White Mare in the Corn by N. V. M. Gonzalez Excerps from Seven Hills Away

One morning late in October, an old white mare found here way into the corn field of Pantaleon Gamo, on the east side of Kabalwa Hill, in upper Barok.

Ssshe was a lean , half-starved animal. Her coat of loose skin was a dull white: she had a shaggy mane, and her longish tail was glude at the tip with mud. A newly-healed wound mark her back; evidently someone had galled her and then simply turned loose to be free of the bother of feeding her.

Old Pantaleon, who was around sixty and who usually live in the clearing all by himself, had company at this time: a young nephew from the island of Tablas, Alejo ny name, an innocent-looking lad of fourteen. He was stiffed-haired and narrow-barrow but a really nice boy, what with his big, round, kind eyes.

It was Alejo who saw the mare emerge the open valley and slowly climb up the shrubby hill. She grazed leisurely from one grassy patch to another, until, at last she was near old Pantaleon’s corn field. Alejo shouted “ho-ho-ho!” to drive her away. The mare turned about and made as if to go back the valley. But in a short while she was back again, craning her neck and trying to reach out for young corn plants hardly a foot high on the other side of the fence. Once more beating as old baboo drum. At length the horse took fright, galloped away, and was by the green of the valley.

Pld Pantaleon, who was suffering from ague and had been half asleep was awakened by the noise.

“it was an old, thin mare,” said the boy to his uncle.

“And you only drove her off as though she were a cow? Asked the sick man. Had he not been ill, he would have said more.

An hour later the mare returned. Old Pantaleo’s chill had ended, and he was sitting by the window of his hut looking out over his corn field as if in a trancve.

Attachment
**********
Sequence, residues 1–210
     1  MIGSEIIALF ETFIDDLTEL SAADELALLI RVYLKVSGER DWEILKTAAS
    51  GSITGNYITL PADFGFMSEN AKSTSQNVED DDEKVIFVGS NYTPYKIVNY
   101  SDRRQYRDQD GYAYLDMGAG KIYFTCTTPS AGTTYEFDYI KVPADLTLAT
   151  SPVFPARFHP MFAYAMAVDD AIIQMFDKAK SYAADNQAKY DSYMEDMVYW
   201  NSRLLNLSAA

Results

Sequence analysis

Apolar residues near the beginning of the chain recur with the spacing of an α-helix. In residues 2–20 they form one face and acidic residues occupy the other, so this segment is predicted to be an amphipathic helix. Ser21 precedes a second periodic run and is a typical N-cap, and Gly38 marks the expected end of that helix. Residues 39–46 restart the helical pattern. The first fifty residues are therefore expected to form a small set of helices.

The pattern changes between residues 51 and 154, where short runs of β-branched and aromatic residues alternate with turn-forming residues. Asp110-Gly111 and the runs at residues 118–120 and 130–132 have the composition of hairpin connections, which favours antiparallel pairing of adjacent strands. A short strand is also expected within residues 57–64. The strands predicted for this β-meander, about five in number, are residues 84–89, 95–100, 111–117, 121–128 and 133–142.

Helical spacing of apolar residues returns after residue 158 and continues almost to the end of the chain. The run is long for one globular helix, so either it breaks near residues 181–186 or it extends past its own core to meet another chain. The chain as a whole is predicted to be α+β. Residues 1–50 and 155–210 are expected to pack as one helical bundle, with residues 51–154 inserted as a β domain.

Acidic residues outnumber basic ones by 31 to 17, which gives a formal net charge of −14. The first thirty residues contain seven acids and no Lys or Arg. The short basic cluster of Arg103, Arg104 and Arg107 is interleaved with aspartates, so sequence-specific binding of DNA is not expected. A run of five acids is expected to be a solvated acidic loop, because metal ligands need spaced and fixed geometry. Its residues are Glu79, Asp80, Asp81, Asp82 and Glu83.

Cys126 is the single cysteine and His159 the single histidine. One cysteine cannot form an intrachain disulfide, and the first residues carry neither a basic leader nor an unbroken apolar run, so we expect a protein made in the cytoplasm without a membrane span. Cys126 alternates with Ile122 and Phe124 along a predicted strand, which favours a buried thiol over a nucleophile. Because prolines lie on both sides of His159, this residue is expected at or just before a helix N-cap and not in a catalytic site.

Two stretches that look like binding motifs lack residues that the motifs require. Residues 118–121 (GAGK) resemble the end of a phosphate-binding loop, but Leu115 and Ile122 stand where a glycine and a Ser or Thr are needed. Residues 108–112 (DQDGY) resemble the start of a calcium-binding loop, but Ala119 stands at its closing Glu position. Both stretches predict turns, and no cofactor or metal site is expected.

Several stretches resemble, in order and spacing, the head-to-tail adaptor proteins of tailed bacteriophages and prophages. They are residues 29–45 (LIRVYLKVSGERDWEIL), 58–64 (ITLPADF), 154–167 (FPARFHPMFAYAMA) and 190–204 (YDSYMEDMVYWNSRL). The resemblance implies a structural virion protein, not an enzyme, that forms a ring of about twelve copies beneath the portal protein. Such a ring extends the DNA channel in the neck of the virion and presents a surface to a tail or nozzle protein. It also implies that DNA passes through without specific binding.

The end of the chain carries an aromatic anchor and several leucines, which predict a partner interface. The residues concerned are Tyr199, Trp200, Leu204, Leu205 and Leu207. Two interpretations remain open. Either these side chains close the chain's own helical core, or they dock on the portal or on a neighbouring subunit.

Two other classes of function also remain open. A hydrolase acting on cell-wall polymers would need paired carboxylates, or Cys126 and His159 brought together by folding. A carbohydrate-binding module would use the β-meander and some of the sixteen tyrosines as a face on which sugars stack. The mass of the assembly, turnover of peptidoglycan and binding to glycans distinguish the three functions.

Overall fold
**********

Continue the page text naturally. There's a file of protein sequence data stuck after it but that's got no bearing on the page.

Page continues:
Swiftly a feeling at rage swept over as he saw the beast . Whose mare is that ? he cried. ”Now, where’s my bolo? And where’s my spear? Let me show you what do you with a horse that gets into a poor corn field”.

It was perhaps a fated day for the mare. Old Pantaleon groped his bolo in its hanging place on th4e wall , and produced a spear that had been tucked into the woven wall by the doorway for months. In a moment, he was in the sunshine, his bolo dangling from his waist, the spear half-glistening for all its covering of darkish rust.

Old Pantaleon grinned at his fourteen-year old nephew. “now, follow you worthless fellow. Let me show you something. It is well you learn a thing or two from your old uncle.”

Amazed with but the vaguest idea of what was coming, Alejo followed the old man. The mare had leap over the fence and was browsing on the young corn. Her hoofs dug deep into the soft, ashly ground.

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